DOC. 24 PERIHELION MOTION OF MERCURY

113

IN

A

WORK RECENTLY PUBLISHED

in

these

reports,

I

set up

the

gravitational

field

equations

that

are

covar-

iant with

respect to arbitrary

transformations of determinant

1.

In

a

supplement I

showed that these

equations

are

generally

covariant if the contraction

of

the

energy

tensor of "matter"

vanishes,

and

I

demonstrated

that

no

important

considera-

tions

oppose

the introduction of this

hypothesis, through

which time and

space are

robbed of

the

last trace of

objective

reality.1

[1]

[2]

In the

present

work

I

find

an important

confirmation of

this

most

fundamental

theory

of

relativity,

showing

that it

explains

qualitatively

and

quantitatively

the secular rotation of

the

orbit of

Mercury

(in

the

sense

of the orbital motion

itself),

which

was

discovered

by

Leverrier and which

amounts to 45

sec

of

arc

per century.2 Furthermore, I

show that the

theory

has

as a

consequence

a

curvature

of

light

rays

due

to gravita-

tional

fields

twice

as strong

as was

indicated in

my

earlier

investigation.

[4]

The

Gravitational Field

From

my

last

two

communications

it follows

that the

gravitational

field

in

a vacuum

has

to

satisfy,

upon properly

choosing a

reference

frame,

the

equations

151

+1

W

=

0,

«

dx*

.0

(1)

where the

rjuv

are

defined

by

the

equations

47]

--i?4

dxv dx, dx,

(2)

Let

us

make,

moreover,

the

hypothesis

established

in

the last

communication,

that the contraction of the

energy

tensor

of

"matter"

always vanishes,

so

that,

in

addition,

the deter-

minantal

condition

is

imposed:

|guv|

=

-1.

(3)

A

point

mass,

the

sun,

is

located

at

the

origin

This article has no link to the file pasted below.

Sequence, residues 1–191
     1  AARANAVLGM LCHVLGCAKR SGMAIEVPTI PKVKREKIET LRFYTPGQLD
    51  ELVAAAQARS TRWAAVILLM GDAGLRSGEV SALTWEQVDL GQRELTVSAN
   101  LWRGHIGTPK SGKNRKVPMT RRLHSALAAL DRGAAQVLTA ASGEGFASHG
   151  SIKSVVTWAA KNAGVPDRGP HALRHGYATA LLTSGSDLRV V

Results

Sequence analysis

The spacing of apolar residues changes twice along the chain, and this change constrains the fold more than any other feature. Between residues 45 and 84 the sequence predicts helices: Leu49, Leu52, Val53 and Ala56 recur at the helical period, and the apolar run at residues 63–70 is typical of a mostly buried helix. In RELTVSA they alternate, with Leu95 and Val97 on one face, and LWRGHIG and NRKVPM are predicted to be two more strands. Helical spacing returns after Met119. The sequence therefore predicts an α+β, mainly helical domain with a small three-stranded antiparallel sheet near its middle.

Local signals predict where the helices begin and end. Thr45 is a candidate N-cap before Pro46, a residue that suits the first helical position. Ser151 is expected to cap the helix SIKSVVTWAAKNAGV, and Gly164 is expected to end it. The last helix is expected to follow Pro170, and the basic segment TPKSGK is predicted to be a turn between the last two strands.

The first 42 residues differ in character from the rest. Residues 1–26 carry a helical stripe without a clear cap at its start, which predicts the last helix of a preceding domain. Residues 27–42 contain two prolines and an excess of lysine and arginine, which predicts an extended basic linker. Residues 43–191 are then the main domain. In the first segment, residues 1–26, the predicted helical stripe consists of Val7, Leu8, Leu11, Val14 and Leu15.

of the

co-

ordinate

system.

The

gravitational

field

this

point mass

produces can

be

calculated

from these

equations

by means

of

successive

approximations.

Nevertheless,

we

should consider that the

guv

are

still not

completely

determined

mathematically

by

equations

(1)

and

(3),

because these

equations are

covariant with

respect to

arbitrary

transformations of determinant

1.

Yet

we are

justified

in

assuming

that

all

these

solutions

can

be reduced

to

one

another

by

such

transformations

that

they are

distin-

guished

(by

the

given boundary conditions) formally

but

not,

however, physically,

from

one

another.

Consequently, I

am

satisfied for the time

being

with

deriving

here

a solution,

with-

out discussing

the

question

whether

the

solution

might

be

unique.

To

proceed,

let the

guv

be

given

in

the

0th

approximation

by

the

following

scheme

corresponding to

the

original theory

of

relativity:

-1 0 0

0

0

-1

0

0

0 0

-1

0

0 0 0 +1

(4)

[6]

or,

more

briefly,

9pv

=

Spa

9p4

=

g4p

= 0

g44

=

1

(4a)

Here

p

and

a

signify

the indices 1,2,3;

Spa

is

equal

to

1

or

0

if

p

=

a or p

#

r,

respectively.

I

assume

in what follows

that

the

guv

differ

from the

values

given

in

equation

(4a)

only by quantities

small

compared to

unity.

I

treat

this deviation

as a

small

quantity

of

first

order,

whereas functions of the nth

degree

in

these deviations

are

treated

as quantities

of the nth

order.

Equations

(1)

and

(3)

together

with

equation

(4a)

enable

us

to

calculate

by

succes-

sive approximations

the

gravitational field up to quantities

of

nth order

exactly.

The

approximation

given

in

equation

(4a)

forms the 0th

approximation.

The

solution has

the

following properties,

which determine

the coordinate

system:

1.

All

components are independent

of

x4.

2.

The solution

is

spatially symmetric

about the

origin

of

the

coordinate

system,

in the

sense

that

we encoun-

ter

the

same

solution

again

if

we

subject

it

to

a

linear

orthogonal spatial

transformation.

3.

The

equations

gp4

= g4p =

0

are

exactly

valid for

P

=

1,2,3.

4. The

guv

possess

the values

given

in

equation

(4a)

at

infinity.

first approximation

It

is easy

to

verify

that

to

quantities

of

first

order the

equations

(1)

and

(3)

are

satisfied for the

just-

named four conditions

by

the assumed

solution

(4b)

d2r

9pa

a

dxpdx,

gu

= 1

- -